Amika George

Patel, who writes a monthly column in Eastern Eye and Garavi Gujarat, is keen on teaching her pupils about the British empire. The course she created for her students was so popular that Patel now trains other schools to help them diversify their curriculum.

Her History Corridor posts on Instagram attract thousands of followers.

Pranav Chopra, who founded Nemi Teas three years ago with the aim of alleviating unemployment in refugee communities, won the GG2 Social Entrepreneur Award.

Pranav Chopra

AMG group managing editor, Kalpesh Solanki, said, “The GG2 Leadership Awards spotlight extraordinary individuals working against immense odds.

“We highlight the work of remarkable people and shine a light on their achievements so others can follow in their footsteps.

“Society needs heroes and we have seen many over the last year especially in the NHS where doctors and nurses have worked to exhaustion saving lives.”

In his acceptance speech, Dr Nagpaul said, “I would like to dedicate this award to the generations of ethnic minority doctors and healthcare workers who have tirelessy served in our health service for decades since its inception, who have been at the forefront for caring for the nation throughout the pandemic and without whom the NHS would not have survived and could not function today.”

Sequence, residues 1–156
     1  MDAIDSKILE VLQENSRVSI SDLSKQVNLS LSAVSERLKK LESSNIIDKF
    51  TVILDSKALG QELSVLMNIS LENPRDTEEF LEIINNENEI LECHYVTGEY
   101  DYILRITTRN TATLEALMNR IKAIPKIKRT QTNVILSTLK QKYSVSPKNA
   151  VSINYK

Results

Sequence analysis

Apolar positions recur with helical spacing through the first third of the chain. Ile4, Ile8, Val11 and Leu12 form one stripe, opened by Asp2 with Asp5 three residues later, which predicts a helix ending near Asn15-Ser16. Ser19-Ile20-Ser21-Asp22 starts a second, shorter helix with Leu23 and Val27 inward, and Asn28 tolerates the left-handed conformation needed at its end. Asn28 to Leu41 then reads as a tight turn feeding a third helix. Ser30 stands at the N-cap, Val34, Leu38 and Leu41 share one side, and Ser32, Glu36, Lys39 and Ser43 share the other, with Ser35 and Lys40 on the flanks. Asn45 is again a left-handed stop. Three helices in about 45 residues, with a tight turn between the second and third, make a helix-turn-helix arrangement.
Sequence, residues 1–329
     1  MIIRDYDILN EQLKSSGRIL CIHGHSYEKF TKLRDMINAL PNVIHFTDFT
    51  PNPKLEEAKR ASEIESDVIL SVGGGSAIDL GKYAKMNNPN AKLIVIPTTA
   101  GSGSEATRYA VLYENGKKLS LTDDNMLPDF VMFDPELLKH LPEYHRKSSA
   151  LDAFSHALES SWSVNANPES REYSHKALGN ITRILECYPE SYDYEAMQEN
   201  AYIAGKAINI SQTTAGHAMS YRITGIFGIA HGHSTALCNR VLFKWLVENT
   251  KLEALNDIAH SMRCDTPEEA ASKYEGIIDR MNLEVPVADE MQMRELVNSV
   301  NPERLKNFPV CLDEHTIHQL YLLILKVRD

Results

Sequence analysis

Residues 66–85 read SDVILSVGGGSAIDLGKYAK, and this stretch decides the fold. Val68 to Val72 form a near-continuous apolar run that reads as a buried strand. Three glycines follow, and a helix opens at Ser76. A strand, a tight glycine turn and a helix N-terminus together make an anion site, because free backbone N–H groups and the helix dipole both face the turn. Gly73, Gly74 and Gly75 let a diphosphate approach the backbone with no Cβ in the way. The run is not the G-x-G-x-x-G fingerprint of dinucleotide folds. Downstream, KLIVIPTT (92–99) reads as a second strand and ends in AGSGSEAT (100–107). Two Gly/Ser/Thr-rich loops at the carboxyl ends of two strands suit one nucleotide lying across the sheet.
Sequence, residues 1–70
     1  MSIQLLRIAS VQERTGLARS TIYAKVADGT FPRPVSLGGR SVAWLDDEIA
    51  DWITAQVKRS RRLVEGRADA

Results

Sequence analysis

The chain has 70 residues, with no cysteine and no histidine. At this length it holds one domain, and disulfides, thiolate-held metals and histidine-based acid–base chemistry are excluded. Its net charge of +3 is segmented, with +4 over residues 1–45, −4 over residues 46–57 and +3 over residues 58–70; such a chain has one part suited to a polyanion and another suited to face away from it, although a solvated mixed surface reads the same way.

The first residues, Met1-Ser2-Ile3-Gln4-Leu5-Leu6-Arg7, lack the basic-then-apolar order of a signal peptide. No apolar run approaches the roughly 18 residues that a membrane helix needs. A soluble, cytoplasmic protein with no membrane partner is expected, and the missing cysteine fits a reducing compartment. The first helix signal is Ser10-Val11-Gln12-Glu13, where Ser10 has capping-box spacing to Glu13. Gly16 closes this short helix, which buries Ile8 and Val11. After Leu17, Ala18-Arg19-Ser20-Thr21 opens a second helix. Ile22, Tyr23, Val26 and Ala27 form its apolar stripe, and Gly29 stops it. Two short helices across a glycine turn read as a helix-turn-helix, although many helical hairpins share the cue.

Since the outbreak of the pandemic a year ago, Dr Nagpaul fought for safeguards and better PPE for frontline doctors and nurses.

He also pressed health secretary Matt Hancock to make the government’s coronavirus messaging “culturally sensitive” when it became apparent that the UK’s black, Asian and minority ethnic people were disproportionately impacted by the pandemic.

Over the past year, Dr Nagpaul – who has been fighting for a level playing field for black and Asian doctors as the first non-white head of his organisation – has frequently appeared on TV and regularly quoted in newspapers, politely and persuasively making his point.

Dr Ramasamy, the daughter of Sri Lankan immigrants and a graduate from both Cambridge and Oxford Universities, played a vital role in the development of the Oxford AstraZeneca vaccine, working long hours and at a relentless pace in the past year.

Paying tribute to the teams which worked on developing the vaccine, she said, “Vaccination is a really important part of controlling the spread of the Covid 19 disease. I’m delighted to have been part of the effort.”

GG2 Pride of Britain Award winner Professor Dame Donna Kinnair has been championing the voice of nurses in the UK. She said, “Nursing staff are at the frontline of Covid-19, and we see the importance of nursing so clearly in every aspect of the Covid response. We have seen the resilience, skills, innovation and compassion of nursing at its finest. But it has put the nursing staff under tremendous amounts of pressure and I will continue to support them as they work through this pandemic.”

BBC presenter Nihal Arthanayake was the master of ceremonies while Rekesh Chauhan, a British Indian pianist and composer provided the entertainment.